Europe’s frustration is mounting over its slow, difficult trade negotiations with Japan. The 15th round of talks is coming in February next year, and Europe is hungry for signs that it is worth carrying on.
In October, Japan joined the US and 10 other nations in sealing the Trans-Pacific Partnership, which covers 40 per cent of the global economy. But there is little sign of that momentum carrying over into a quick deal with Europe.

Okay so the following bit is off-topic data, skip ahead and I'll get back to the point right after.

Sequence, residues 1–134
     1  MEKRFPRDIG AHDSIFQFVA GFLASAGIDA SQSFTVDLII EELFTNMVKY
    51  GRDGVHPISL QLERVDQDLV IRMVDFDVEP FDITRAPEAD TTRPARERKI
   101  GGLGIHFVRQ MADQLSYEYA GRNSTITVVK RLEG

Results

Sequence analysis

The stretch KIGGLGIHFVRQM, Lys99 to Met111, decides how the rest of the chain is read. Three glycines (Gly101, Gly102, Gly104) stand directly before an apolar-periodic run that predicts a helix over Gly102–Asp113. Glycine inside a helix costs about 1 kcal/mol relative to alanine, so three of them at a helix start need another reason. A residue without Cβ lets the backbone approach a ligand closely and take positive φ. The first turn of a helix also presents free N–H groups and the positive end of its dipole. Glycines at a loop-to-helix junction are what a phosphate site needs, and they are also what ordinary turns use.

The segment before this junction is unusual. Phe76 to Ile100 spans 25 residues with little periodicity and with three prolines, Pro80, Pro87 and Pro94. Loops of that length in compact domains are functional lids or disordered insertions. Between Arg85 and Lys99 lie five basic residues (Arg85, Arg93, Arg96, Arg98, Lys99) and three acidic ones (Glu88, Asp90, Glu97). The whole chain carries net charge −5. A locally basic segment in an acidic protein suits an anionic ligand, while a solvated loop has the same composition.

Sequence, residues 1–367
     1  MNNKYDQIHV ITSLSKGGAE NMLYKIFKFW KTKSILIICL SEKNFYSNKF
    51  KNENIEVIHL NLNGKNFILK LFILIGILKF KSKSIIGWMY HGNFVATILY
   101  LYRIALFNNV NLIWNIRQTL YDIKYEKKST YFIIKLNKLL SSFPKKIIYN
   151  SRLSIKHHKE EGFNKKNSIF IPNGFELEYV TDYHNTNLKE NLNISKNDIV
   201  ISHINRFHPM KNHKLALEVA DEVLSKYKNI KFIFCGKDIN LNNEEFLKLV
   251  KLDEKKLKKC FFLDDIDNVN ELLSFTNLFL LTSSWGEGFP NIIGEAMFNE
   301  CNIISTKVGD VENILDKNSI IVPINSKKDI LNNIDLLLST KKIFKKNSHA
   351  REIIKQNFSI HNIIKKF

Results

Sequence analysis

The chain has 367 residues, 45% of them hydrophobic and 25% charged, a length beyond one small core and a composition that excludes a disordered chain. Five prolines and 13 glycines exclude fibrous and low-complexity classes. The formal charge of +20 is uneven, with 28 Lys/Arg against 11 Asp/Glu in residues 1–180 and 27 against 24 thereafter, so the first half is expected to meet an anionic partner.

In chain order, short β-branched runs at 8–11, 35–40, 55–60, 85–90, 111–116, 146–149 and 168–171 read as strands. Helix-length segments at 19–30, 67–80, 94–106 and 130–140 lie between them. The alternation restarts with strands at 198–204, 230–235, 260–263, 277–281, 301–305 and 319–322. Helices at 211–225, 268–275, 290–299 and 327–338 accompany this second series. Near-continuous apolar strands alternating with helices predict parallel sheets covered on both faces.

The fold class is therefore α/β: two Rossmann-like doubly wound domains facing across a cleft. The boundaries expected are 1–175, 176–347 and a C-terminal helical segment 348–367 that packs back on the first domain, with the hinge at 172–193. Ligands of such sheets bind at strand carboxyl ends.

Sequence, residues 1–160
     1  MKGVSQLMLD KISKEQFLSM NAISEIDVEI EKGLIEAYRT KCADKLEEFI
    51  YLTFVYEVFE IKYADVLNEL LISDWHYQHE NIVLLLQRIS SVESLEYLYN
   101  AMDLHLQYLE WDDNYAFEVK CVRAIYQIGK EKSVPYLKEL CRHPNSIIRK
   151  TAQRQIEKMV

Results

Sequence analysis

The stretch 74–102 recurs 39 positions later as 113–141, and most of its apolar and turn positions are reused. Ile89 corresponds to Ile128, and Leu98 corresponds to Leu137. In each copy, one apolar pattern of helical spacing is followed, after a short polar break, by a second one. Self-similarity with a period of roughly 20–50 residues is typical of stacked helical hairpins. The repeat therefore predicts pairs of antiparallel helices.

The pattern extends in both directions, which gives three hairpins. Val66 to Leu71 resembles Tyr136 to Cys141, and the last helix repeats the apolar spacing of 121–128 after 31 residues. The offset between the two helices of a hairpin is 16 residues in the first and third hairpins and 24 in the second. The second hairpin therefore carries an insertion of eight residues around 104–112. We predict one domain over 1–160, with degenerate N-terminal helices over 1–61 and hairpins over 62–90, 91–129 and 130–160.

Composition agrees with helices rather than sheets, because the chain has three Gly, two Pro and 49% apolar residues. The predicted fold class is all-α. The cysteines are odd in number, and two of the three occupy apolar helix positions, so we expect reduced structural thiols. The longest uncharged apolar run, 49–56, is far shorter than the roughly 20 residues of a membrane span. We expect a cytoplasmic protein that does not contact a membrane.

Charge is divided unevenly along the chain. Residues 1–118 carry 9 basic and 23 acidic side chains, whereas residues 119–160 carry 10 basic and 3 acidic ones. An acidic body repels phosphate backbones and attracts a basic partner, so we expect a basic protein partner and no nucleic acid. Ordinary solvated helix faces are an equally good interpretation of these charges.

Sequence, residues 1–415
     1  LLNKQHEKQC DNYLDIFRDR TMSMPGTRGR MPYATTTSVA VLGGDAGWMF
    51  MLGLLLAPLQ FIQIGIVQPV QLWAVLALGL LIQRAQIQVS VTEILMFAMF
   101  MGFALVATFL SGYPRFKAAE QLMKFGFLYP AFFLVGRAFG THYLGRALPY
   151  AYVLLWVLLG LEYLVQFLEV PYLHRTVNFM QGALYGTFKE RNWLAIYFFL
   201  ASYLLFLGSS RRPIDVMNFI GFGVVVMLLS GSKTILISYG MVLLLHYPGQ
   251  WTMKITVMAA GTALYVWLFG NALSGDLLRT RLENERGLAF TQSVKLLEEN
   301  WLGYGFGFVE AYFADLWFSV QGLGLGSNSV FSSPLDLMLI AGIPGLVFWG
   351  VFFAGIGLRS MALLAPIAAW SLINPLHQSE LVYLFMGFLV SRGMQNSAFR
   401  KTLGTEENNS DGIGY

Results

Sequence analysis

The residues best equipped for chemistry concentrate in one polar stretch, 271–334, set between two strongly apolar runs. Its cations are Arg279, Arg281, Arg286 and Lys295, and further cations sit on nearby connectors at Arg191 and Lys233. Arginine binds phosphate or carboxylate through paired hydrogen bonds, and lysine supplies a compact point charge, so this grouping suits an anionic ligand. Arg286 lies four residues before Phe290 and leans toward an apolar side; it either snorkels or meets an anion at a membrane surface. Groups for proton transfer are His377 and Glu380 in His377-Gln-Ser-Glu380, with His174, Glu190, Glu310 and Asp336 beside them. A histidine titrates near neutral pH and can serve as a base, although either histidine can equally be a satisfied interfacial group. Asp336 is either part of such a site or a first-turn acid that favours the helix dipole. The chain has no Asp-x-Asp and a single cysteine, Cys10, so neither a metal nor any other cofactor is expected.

Mauro Petriccione, Brussels’ chief negotiator with Japan, warned on Thursday that enthusiasm for an accord with the world’s third biggest economy could wane if the deal is not finalised next year.
“If we don’t make it in 2016, we’ll have to explain why, and we cannot exclude a resurgence of the scepticism towards the possibility of a new Japan-EU [free trade agreement] that we had before we started,” he told reporters. “It took us a long time to persuade sceptics that it was worth trying this. If they see that we don’t succeed in 2016, they will start asking themselves questions again.” Read more